AAIFF 2023: Documentary Section

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The films in the All Asian Independent Film Festival’s Documentary category provide a dexterous display of journalism and artistic expression year on year, and 2023 was no exception. This year’s selection explored vastly different subjects (music, martial arts, race, education, forced marriage) in a broad range of countries, yet, interestingly, all shared a common thread: the intersection of personal identity with cultural legacy.

If you missed the live screenings last weekend, relish a good documentary, or are simply interested in finding out more about the nuances of culture and identity in different countries across Asia and beyond, take a look at the recaps below…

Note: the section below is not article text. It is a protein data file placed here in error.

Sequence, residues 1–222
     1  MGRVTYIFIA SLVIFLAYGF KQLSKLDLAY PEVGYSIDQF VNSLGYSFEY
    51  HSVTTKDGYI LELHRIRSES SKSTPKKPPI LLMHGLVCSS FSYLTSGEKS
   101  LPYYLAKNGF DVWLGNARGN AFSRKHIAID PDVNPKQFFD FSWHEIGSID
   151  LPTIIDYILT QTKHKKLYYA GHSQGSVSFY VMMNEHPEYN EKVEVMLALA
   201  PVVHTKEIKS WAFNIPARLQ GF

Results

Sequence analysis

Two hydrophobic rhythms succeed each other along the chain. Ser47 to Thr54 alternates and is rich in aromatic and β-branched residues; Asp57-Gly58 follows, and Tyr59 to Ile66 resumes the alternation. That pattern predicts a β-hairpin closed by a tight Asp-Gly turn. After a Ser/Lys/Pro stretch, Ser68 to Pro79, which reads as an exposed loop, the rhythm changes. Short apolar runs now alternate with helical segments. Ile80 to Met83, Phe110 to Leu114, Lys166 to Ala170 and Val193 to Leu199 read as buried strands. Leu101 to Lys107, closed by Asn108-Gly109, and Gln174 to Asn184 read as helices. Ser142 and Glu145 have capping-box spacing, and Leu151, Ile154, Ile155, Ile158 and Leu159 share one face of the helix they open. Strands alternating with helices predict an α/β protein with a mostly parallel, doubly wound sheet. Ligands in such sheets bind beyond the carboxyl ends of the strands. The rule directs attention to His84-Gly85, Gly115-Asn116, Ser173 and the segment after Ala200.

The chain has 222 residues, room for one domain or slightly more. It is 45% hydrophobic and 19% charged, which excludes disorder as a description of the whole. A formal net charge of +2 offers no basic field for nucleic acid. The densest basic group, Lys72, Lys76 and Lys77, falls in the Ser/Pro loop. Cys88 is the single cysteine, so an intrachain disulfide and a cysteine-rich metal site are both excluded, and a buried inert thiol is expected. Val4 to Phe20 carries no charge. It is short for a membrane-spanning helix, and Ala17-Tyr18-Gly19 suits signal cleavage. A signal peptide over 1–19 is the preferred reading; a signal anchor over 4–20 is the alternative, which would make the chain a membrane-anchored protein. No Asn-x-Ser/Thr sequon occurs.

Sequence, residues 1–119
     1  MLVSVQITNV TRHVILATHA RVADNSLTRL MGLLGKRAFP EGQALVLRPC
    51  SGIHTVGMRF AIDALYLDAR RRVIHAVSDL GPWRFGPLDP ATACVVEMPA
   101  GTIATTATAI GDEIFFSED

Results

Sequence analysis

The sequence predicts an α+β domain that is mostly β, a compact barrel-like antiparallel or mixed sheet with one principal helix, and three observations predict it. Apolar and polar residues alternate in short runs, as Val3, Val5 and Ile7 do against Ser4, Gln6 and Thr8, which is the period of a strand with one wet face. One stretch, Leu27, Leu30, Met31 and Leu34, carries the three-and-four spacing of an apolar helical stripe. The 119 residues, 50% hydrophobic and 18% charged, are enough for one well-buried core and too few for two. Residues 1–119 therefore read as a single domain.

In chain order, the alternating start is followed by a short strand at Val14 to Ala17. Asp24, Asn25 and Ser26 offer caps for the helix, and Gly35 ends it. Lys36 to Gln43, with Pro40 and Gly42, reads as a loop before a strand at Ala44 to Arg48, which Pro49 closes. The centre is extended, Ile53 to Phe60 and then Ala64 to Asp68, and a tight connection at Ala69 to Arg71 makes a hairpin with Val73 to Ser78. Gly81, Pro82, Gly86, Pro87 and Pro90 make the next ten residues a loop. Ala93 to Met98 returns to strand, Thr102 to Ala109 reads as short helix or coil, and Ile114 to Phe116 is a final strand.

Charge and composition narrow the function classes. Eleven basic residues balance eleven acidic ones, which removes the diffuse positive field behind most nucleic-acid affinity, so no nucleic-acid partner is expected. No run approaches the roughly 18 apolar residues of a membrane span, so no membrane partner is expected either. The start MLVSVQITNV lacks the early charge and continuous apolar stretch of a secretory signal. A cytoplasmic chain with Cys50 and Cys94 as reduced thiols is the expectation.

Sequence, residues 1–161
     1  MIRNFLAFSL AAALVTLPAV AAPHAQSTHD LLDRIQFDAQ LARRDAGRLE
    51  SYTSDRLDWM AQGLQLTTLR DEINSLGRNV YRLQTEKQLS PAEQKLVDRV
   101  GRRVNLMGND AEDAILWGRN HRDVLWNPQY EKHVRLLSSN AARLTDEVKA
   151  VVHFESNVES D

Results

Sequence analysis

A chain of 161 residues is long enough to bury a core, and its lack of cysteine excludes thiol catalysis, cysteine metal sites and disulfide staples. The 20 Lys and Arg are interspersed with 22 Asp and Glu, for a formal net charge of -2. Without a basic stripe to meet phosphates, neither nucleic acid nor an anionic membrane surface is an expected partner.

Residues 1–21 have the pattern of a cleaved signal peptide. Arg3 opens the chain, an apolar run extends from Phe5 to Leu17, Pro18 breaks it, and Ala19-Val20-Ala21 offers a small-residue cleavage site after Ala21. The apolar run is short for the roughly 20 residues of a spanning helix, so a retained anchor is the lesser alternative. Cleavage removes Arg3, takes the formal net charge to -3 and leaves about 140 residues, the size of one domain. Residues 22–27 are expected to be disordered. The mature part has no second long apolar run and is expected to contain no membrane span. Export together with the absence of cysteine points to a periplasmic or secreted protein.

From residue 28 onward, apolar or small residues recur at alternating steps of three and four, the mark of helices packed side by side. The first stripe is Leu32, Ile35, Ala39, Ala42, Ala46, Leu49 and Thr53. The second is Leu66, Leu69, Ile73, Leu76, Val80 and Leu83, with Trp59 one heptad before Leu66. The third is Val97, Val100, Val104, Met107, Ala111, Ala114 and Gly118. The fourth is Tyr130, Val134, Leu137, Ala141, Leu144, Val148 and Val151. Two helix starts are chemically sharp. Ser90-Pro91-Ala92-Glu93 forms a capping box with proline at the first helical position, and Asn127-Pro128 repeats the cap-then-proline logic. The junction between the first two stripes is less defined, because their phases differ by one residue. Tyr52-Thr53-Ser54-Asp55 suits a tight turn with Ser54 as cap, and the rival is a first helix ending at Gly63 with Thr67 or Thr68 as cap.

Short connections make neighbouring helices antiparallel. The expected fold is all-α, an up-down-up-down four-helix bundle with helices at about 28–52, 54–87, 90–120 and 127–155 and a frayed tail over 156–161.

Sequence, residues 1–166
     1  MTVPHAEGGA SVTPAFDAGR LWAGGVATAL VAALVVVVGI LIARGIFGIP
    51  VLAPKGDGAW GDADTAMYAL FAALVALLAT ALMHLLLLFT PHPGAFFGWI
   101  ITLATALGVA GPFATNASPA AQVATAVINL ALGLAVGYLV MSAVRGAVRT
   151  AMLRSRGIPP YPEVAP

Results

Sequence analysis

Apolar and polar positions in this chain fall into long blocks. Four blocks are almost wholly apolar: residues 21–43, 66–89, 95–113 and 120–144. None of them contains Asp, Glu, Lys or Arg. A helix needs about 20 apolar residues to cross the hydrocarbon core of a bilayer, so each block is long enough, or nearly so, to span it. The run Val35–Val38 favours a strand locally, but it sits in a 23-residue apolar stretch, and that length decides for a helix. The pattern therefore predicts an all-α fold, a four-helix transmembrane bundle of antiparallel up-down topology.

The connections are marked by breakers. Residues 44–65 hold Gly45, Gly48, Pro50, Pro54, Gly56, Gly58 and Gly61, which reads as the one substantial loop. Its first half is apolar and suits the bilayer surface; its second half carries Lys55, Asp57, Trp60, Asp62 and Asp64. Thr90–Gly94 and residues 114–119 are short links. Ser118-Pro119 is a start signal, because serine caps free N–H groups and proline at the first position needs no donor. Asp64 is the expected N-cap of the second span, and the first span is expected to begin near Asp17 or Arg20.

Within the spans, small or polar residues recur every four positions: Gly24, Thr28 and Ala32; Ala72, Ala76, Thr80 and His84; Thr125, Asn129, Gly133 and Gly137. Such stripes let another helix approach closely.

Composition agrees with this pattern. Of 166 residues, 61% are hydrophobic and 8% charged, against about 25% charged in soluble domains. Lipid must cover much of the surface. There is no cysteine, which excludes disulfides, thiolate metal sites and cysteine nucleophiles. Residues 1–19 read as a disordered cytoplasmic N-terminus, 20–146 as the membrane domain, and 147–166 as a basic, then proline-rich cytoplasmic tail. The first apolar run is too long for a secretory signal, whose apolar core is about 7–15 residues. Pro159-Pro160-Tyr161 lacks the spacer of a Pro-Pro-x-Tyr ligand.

Santa Fe Resident Too

James Butler in Santa Fe Resident Too

The second part of Terry Ngo’s examination of racial, social and cultural identity in Santa Fe, this documentary explores the life of James Butler, a retired black opera singer who resides in the city. Snippets of interviews with Butler himself provide the narration; a charismatic story-teller, his passion for music pulses through each line. He generously opens up about his journey to being a musician, and describes the struggles he has faced as a black man – outlining in particular how the prospect of a career in the arts was not seen as realistic within the black, working-class community in which he grew up.